Solar Flare Prediction from Time Series Data 2020

A Track in the IEEE Big Data 2020 Big Data Cup Challenge

Competition Description

The goal of this dataset competition is to introduce the machine learning/data mining community to an integrated dataset that can be utilized for predicting and understanding solar flares. Solar flares and Coronal Mass Ejections (CMEs) [1, 2, 3] are events occurring in the solar corona and heliosphere that can have a major negative impact on our technology dependent society [4]. Electromagnetic radiation and ionized particles from solar flares and eruptions tend to be filtered out by Earth’s atmosphere, but they can still pose a hazard to astronauts and sensitive equipment in space, as well as disrupt various high frequency radio communications that military and civilian customers become increasingly reliant upon each year. A strong enough CME can also cause significant enough fluctuations in Earth’s magnetosphere to induce currents in large networks of conductive materials such as power grids. These induced currents can lead to surges that have the potential to melt transformers of long distance transmission lines causing large scale blackouts. A 2008 report by the National Research Council concluded that a solar superstorm, similar to one observed in 1857 called the Carrington event [5], could cripple the entire US power grid for months and lead to an economic damage of 1 to 2 trillion dollars [6].

In response, the White House released the National Space Weather Strategy and Space Weather Action Plan [4] in 2015 as a roadmap for producing research that focuses on predicting and mitigating the effects of solar eruptive activity. One of the suggested routes to accomplishing the goals set out by this roadmap was to use machine learning to predict extreme space weather events, which was reiterated recently by the current administration [7]. Our benchmark dataset is intended as a testbed for solar physicists and machine learning practitioners to test new ideas and methods on a cleaned, integrated, and readily-available dataset comprised of validated information from multiple sources. Our dataset mainly relies on Spaceweather HMI Active Region Patches (SHARPs) available from the Joint Science Operations Center (JSOC). This data product stems from solar vector magnetograms obtained by the Helioseismic Magnetic Imager (HMI) onboard the Solar Dynamics Observatory (SDO). The HMI instrument continuously observes the Sun and provides information about the magnetic field on the Sun’s surface; since the cause of a solar flare is the sudden release of magnetic energy in the solar corona, utilizing the output of this instrument for modeling and predicting their eminent occurrence is only logical.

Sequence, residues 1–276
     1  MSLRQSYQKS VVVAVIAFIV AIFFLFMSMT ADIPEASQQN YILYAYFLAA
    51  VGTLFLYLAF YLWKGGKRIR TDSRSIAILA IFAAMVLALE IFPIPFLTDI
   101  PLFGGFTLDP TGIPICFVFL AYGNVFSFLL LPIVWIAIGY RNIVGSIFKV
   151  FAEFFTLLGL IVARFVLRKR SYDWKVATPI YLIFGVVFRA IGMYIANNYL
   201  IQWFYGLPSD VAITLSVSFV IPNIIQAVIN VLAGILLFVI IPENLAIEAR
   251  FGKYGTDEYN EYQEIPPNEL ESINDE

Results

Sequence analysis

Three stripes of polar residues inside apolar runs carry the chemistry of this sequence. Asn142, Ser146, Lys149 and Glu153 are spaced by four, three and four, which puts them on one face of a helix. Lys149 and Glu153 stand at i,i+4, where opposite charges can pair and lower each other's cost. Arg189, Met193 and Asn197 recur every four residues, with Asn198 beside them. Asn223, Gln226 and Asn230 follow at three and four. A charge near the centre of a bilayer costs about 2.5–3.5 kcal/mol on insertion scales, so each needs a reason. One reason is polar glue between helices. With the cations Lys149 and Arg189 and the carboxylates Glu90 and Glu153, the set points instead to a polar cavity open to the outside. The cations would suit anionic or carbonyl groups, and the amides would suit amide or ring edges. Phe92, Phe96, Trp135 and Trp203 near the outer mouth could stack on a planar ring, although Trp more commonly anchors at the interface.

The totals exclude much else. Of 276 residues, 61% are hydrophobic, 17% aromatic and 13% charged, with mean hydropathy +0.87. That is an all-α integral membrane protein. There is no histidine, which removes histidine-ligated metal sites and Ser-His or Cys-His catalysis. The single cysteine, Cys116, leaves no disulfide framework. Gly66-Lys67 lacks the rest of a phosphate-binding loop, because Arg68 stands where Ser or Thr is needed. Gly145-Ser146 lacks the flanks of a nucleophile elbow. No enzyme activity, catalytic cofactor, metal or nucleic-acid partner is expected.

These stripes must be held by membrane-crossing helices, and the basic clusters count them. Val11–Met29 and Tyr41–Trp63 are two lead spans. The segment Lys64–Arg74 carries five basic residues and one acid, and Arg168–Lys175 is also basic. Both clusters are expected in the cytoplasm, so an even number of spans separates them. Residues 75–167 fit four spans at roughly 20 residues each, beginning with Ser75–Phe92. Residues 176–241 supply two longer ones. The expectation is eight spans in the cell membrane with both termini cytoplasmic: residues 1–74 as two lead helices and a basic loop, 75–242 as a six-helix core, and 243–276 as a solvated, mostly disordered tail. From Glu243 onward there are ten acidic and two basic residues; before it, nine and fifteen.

Successful flare predictions via machine learning models trained and tested on this dataset intend to (1) tackle a central problem in space weather forecasting and (2) help identify physical mechanisms pertaining, or even giving rise, to solar flares. This dataset is intended to be a valuable resource for an unbiased comparison between results from various flare prediction algorithms.

Acknowledgements

This project has been supported in part by funding from the Division of Advanced Cyberinfrastructure within the Directorate for Computer and Information Science and Engineering, the Division of Astronomical Sciences within the Directorate for Mathematical and Physical Sciences, and the Division of Atmospheric and Geospace Sciences within the Directorate for Geosciences, under NSF awards #1443061, #1812964, #1936361 and #1931555. It was also supported in part by funding from NASA, through the Heliophysics’ Living With a Star Science Program, under NASA award #NNX15AF39G, as well as through the direct contract from Space Radiation Analysis Group (SRAG). In addition to that, the work has been in part sponsored by state funding from Georgia State University’s Second Century Initiative, and Next Generation Program. Also, we would like to mention that all images used in this work are courtesy of NASA/SDO and the AIA, EVE, and HMI science teams.

References

  1. Benz, A. O. Flare observations. Living Reviews in Solar Physics 5, 1 (2008). URL https://doi.org/10.12942/lrsp-2008-1.
  2. Howard, T. Coronal mass ejections: An introduction, vol. 376 (Springer Science |& Business Media, 2011).
  3. Martens, P. C. & Angryk, R. A. Data Handling and Assimilation for Solar Event Prediction. In Foullon, C. & Malandraki, O. E. (eds.) Space Weather of the Heliosphere: Processes and Forecasts, vol. 335 of IAU Symposium, 344–347 (2018). https://arxiv.org/abs/1712.01402.
  4. National Science and Technology Council. National space weather action plan (2015). Available at https://obamawhitehouse.archives.gov/sites/default/files/microsites/ostp/final_nationalspaceweatheractionplan_20151028.pdf.
  5. Carrington, R. C. Description of a singular appearance seen in the sun on september 1, 1859. Monthly Notices of the Royal Astronomical Society 20, 13–15 (1859).
  6. National Research Council. Severe space weather events: Understanding societal and economic impacts: A workshop report (National Academies Press, 2009).
  7. Hutson, M. Trump to launch artificial intelligence initiative, but many details lacking. Science (2019). URL https://doi.org/10.1126/science.aaw9677.